Editor’s note: The following is the third installment in the Aspen Daily News’ continuing coverage of mental health during the age of COVID-19.
Doc Eason would love to be performing sleight-of-hand these days, interacting with audience members who watch him pull a coin or a card from an unexpected place during one of his popular magic shows.
“Almost all of the stuff I do on stage requires my having someone come up on stage. My whole deal is connecting with people,” Eason said of his 40-plus years of performing.
COVID-19 has shut down Eason’s shows for now, which is by choice due to safety concerns, he said. He put performing on hold — he is not retired — after doing magic for a private party in May and hearing shortly thereafter that the host had contracted the coronavirus (Eason said his own COVID-19 test was negative).
“People are starved for entertainment but in good conscience, I can’t do it,” he said. “Close-up magic has hit the skids.”
Like other performing artists who not only are suffering financially during the pandemic because they aren’t able to work in a live situation, Eason said, “The bottom line is I’m borderline depressed.”
Mischa Schoepe can relate to how the pandemic weighs on an artist’s self-esteem. He was part of the troupe performing at the Glenwood Vaudeville Revue when the local outbreak first hit in March.
“One weekend we were performing, the next we were done,” Schoepe said. (The theater reopened for performances on July 3, according to its website, and its season runs through October with a cast of mask-wearing entertainers including Tommy Erickson, Bailey Barnum, Aviad Bernstein, Eva Kosmowski, John Goss and Jeff VanDevender.)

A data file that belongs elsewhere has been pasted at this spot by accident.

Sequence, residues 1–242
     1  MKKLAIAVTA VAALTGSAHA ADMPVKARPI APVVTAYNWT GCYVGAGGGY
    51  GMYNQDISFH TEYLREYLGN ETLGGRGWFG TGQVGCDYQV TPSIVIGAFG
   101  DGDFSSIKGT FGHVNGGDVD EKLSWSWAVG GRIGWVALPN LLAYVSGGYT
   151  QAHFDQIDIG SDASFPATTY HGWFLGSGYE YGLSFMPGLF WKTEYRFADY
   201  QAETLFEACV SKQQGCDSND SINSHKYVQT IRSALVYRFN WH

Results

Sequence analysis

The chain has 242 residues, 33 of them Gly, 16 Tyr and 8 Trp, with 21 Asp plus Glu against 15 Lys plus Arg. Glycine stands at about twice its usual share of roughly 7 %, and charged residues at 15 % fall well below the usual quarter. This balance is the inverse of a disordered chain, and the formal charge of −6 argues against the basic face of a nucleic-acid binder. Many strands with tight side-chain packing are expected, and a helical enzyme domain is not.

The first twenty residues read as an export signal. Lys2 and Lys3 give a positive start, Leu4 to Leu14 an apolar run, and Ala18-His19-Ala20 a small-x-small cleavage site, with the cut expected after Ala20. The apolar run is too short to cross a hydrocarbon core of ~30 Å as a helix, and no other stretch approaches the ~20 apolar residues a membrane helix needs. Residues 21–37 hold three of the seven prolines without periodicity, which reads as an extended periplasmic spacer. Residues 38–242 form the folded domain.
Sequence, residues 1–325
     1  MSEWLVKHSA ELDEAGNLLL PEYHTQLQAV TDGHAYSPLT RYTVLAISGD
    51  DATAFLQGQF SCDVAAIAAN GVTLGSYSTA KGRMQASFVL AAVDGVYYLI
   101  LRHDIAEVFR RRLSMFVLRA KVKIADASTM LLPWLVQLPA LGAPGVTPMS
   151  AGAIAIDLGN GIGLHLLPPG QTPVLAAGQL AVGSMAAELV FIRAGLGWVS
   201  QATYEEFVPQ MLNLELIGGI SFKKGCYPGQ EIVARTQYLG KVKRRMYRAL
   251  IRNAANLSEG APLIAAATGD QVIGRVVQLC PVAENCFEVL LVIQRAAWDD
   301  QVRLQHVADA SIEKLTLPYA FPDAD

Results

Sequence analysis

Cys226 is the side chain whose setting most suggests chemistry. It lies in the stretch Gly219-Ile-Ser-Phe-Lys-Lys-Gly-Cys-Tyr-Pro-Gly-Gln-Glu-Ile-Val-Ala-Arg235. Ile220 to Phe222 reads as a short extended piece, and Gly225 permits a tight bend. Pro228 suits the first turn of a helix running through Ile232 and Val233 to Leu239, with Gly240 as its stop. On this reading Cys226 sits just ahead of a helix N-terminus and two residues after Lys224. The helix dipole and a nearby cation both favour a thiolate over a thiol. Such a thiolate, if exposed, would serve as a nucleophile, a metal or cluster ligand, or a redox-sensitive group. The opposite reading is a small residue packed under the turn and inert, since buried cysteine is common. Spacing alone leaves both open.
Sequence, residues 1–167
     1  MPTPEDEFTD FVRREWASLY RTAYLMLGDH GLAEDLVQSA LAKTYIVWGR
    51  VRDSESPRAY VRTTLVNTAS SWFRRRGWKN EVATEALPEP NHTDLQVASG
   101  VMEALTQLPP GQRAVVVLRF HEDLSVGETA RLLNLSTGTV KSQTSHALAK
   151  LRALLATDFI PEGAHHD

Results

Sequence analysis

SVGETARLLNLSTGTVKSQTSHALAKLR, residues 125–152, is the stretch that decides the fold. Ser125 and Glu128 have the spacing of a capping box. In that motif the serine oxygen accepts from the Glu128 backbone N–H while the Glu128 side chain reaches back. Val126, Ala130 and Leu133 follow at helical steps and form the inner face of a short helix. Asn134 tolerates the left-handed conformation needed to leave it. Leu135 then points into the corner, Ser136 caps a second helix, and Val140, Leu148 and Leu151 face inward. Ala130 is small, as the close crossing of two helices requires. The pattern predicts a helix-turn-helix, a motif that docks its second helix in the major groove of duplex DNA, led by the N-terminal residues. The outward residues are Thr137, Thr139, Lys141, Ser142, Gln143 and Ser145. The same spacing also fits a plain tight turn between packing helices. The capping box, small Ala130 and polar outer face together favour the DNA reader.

Schoepe said, “As artists we do build our lives around opportunities on our calendar. But almost every single thing was canceled on the calendars for the summer, then fall.”
One of his jobs continued uninterrupted during the pandemic and “it was a life saver.” Schoepe plays music and sings with his husband Paul Dankers during Sunday services at Snowmass Chapel, which have expanded to include an outdoor worship in the chapel yard at 10:30 a.m.
“This was one thing I could still work toward,” Schoepe said.
Dealing with no audience
Jackie Skramstad, clinical operations manager for Mind Springs Health, agreed that artists may be feeling a double whammy that extends beyond their wallet.
“How do you have creative audience participation when there’s no audience around you? It’s one of the challenges we’re all facing: We all have to do our work in a different way,” she said.
“Then there’s the reality, some of our jobs lend themselves to virtual better than others. It’s hard to be a singer, magician, musician when you are used to an audience,” Skramstad added.
It’s not impossible, of course, for artists to entertain in person during these times and with proper precautions. But many performances remain on a virtual platform.
The Aspen Choral Society will host its annual performance of “The Messiah” virtually this year, according to Dankers, who is music director for the choral society in addition to serving a similar role with Snowmass Chapel.